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July 12, 2018 |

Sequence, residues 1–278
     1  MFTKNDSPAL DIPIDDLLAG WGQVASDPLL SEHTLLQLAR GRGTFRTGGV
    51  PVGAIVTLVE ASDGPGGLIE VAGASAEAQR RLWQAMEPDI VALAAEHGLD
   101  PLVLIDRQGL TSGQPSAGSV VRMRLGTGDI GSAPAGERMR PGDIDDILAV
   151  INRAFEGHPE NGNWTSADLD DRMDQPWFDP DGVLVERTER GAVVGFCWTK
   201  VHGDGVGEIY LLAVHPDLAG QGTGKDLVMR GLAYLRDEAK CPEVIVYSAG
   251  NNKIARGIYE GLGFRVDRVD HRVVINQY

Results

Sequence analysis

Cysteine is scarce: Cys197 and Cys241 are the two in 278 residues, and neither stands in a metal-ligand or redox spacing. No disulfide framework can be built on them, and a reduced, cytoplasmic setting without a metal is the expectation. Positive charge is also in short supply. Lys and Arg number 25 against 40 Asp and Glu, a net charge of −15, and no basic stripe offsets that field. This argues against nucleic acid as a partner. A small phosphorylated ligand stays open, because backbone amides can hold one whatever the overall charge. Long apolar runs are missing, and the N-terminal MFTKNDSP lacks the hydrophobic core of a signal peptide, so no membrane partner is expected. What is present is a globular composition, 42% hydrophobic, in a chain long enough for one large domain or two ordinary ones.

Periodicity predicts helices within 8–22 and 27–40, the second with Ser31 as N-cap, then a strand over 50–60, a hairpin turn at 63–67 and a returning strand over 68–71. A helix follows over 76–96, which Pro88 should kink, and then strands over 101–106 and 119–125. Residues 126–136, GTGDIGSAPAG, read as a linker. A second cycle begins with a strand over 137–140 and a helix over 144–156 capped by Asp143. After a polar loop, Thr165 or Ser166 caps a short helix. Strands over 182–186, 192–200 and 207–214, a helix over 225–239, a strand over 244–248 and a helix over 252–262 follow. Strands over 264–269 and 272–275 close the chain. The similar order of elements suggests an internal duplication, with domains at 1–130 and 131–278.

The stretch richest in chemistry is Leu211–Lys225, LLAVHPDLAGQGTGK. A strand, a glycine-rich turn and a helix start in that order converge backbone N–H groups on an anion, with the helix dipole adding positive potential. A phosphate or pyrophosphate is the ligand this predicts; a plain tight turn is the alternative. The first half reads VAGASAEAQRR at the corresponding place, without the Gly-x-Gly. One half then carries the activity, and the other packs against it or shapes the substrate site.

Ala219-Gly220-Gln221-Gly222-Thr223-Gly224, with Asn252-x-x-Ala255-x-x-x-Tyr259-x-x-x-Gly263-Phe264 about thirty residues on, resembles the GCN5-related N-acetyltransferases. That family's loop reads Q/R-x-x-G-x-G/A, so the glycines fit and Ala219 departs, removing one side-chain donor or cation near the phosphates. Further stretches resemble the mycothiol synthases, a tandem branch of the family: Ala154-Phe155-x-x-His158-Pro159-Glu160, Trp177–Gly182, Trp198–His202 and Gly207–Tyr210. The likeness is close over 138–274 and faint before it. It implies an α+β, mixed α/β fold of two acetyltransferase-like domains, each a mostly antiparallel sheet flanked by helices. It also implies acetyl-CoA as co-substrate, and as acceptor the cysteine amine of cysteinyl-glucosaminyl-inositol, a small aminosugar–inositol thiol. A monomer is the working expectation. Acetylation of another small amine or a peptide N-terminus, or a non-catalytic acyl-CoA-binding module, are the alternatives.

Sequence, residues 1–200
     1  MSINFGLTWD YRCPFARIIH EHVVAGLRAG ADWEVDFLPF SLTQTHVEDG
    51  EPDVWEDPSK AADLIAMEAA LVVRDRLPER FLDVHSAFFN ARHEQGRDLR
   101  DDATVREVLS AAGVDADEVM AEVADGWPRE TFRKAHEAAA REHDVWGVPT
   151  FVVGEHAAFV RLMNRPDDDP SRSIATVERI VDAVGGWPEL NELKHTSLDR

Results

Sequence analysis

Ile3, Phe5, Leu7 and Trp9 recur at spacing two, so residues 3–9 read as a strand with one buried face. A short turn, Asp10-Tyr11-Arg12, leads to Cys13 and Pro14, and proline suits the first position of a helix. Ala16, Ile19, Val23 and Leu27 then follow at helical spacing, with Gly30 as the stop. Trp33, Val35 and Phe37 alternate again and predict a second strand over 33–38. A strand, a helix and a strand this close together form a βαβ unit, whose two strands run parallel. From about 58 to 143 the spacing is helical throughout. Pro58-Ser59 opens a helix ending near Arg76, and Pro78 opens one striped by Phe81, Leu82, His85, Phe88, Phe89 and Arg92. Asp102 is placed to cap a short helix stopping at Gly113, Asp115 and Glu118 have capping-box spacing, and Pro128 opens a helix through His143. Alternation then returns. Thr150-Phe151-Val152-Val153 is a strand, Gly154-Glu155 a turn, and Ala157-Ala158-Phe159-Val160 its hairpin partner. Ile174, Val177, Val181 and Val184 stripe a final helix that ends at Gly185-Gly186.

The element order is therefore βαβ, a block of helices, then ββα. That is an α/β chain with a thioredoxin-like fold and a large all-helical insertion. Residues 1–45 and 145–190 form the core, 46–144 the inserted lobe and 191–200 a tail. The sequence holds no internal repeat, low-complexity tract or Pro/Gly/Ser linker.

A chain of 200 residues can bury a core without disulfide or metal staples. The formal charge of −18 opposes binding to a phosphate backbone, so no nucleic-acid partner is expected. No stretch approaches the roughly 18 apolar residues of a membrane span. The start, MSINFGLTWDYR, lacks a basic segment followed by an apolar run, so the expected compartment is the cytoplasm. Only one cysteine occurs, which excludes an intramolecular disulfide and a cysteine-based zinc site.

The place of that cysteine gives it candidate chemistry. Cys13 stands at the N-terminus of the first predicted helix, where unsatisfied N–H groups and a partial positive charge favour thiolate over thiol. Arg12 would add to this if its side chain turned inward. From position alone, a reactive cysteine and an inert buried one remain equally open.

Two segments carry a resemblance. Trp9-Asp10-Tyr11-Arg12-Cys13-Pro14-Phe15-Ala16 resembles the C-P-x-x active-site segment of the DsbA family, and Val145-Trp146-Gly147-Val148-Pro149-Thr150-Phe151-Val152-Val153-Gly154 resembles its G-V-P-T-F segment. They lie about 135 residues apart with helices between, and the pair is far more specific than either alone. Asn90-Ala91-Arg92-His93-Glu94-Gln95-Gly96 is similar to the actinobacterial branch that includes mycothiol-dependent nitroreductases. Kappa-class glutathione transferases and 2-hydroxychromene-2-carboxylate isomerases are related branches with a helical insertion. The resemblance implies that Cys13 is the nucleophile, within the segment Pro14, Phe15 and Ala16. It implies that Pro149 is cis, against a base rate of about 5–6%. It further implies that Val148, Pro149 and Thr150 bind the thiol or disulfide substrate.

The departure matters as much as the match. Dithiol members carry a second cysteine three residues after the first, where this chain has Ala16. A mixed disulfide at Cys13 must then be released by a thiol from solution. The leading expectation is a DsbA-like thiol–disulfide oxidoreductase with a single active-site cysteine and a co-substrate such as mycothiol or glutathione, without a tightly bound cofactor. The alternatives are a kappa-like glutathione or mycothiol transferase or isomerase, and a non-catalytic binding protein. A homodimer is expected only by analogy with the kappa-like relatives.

The Politics of Brexit for those Outside the UK